BOISE — The Idaho Senate overwhelmingly passed a bill Tuesday to extend workers’ compensation coverage to first responders who suffer from serious work-related psychological injuries.
Police, firefighters, paramedics and other first responders are only eligible for workers’ compensation for psychological treatment now if the injury is accompanied by a physical injury. As a result, those who need counseling for post-traumatic stress disorder sometimes need to use their time off and pay for their therapy themselves, said Senate Majority Leader Chuck Winder, R-Boise, one of the bill’s sponsors.
Winder called the bill “a giant step forward in how we as a society deal with first responders and the trauma they suffer when they are doing their duties throughout our state.”
Winder pointed to an incident last year when a man stabbed nine people at an apartment complex in Boise, including six children, one of whom died. He also mentioned a fiery car wreck on Interstate 84 last year that killed four people.
“Can you imagine being a first responder going into that situation?” Winder asked. “Can you imagine being a first responder going out to that accident that (happened) on the freeway, at Cloverdale overpass?”
The bill will expire on July 1, 2023, meaning lawmakers can review it in a few years and see how it’s working.
“It’s well defined,” Winder said. “It’s very narrowly defined. And the likelihood of this having a significant fiscal impact is quite small.”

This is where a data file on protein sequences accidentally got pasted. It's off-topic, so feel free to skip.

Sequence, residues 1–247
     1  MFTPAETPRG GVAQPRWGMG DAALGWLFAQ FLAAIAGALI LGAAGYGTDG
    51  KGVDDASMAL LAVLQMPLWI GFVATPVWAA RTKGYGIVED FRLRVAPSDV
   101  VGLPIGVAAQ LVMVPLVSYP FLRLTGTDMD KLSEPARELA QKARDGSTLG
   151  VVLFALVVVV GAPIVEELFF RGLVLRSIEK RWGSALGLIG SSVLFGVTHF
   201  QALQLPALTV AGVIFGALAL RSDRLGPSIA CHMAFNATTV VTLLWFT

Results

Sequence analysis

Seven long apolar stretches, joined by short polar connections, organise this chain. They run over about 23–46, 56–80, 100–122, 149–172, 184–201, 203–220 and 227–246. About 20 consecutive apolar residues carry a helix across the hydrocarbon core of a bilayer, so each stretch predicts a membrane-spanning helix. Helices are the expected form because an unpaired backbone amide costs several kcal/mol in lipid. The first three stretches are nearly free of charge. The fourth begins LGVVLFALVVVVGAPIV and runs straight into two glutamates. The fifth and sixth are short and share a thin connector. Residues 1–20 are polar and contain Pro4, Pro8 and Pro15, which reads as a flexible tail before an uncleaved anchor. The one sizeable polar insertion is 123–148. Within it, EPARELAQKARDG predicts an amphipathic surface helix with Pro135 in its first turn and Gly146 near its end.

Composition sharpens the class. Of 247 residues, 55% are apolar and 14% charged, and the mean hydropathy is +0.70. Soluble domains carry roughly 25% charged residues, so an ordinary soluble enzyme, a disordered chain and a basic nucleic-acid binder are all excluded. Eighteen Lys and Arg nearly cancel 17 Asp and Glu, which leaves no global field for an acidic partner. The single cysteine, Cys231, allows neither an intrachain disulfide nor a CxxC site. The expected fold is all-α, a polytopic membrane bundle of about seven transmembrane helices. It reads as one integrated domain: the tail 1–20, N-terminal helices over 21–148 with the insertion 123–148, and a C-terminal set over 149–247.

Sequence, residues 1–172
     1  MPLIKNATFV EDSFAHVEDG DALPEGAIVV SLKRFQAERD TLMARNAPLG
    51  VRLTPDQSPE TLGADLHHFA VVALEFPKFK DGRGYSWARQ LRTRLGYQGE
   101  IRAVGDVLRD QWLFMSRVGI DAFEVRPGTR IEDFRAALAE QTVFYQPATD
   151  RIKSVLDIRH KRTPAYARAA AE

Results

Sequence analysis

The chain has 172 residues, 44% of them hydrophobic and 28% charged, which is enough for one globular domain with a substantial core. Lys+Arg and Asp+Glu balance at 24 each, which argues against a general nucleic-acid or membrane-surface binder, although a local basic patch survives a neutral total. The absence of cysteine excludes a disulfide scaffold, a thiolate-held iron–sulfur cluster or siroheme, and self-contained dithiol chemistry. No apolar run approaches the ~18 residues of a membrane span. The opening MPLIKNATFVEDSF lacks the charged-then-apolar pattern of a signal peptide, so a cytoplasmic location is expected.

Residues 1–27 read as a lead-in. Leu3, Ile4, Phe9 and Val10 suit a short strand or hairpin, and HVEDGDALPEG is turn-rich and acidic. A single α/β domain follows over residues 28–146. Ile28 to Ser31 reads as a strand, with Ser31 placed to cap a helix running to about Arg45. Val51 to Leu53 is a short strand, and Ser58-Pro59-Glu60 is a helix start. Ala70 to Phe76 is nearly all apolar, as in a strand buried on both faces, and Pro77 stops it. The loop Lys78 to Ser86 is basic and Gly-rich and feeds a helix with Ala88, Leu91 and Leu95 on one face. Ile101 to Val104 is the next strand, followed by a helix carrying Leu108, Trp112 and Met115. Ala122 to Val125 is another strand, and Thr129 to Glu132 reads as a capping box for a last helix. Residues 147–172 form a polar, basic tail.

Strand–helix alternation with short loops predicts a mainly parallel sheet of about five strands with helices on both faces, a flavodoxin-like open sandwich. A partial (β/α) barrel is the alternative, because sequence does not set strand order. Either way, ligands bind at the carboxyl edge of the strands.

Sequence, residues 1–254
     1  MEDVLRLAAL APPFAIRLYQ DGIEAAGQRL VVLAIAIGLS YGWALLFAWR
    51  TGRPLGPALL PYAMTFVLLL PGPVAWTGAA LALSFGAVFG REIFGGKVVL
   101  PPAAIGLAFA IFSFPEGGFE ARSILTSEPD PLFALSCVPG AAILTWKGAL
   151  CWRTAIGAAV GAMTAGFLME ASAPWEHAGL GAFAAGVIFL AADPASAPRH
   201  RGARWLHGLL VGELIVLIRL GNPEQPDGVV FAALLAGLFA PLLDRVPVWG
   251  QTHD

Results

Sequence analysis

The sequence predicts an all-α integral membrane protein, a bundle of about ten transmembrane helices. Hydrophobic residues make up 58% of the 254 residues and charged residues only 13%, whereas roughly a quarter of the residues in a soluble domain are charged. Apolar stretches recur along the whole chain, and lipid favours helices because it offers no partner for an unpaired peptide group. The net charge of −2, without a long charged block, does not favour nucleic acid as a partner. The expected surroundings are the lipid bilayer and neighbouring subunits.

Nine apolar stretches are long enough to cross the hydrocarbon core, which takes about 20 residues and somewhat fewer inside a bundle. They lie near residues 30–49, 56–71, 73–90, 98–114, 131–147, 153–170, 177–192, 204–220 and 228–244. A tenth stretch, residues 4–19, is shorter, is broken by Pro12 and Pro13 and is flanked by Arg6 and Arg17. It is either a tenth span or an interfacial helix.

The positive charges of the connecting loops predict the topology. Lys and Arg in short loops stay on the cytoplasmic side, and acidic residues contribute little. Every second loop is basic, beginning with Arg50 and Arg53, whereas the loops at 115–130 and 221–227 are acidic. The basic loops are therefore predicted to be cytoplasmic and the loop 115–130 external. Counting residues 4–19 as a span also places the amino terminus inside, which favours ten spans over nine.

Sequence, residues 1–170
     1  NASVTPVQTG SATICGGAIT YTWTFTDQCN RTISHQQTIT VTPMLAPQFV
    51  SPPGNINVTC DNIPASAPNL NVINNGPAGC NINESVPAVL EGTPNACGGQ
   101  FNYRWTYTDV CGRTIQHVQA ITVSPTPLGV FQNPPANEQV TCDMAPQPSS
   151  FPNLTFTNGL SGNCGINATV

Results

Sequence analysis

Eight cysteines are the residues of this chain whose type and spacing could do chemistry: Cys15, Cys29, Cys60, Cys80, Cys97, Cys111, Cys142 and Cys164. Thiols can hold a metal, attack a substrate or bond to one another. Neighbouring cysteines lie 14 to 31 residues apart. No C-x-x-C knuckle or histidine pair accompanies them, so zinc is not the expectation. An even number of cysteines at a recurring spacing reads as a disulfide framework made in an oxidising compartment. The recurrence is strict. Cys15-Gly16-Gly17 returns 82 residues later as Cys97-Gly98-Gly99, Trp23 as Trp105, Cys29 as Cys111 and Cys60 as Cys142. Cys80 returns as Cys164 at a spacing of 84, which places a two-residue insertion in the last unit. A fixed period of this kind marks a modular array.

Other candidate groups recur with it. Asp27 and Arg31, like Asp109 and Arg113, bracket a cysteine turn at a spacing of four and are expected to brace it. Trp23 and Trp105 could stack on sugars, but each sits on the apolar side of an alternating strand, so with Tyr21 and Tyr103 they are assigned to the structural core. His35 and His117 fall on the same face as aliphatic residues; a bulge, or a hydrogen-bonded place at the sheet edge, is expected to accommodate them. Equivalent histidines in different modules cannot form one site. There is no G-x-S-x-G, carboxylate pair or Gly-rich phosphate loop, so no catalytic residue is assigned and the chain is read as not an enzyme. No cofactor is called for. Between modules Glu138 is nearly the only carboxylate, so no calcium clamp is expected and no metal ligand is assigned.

Sen. Jim Rice, R-Caldwell, said he was glad it contains limits that are meant to ensure it applies only to work-related trauma.
“It is both narrowly drafted and totally appropriate that we take this step when it really is something that’s an incident that occurs in the workplace that results in the level of psychological injury that you (see) with PTSD,” he said.
The bill passed 31-4. Sen. Dan Johnson, R-Lewiston, said he appreciated the idea but he had doubts as to whether the bill is the best way to do it. Sen. Kelly Anthon, R-Burley, agreed.
“I see the need, I see the difficulty, but I just can’t get quite there on this particular legislation,” Anthon said.
The bill now heads to the House. Like in the Senate, it has a bipartisan list of co-sponsors, including Minority Leader Mat Erpelding, D-Boise. Erpelding has been advocating for the bill since last fall and introduced it into committee in the Senate last month.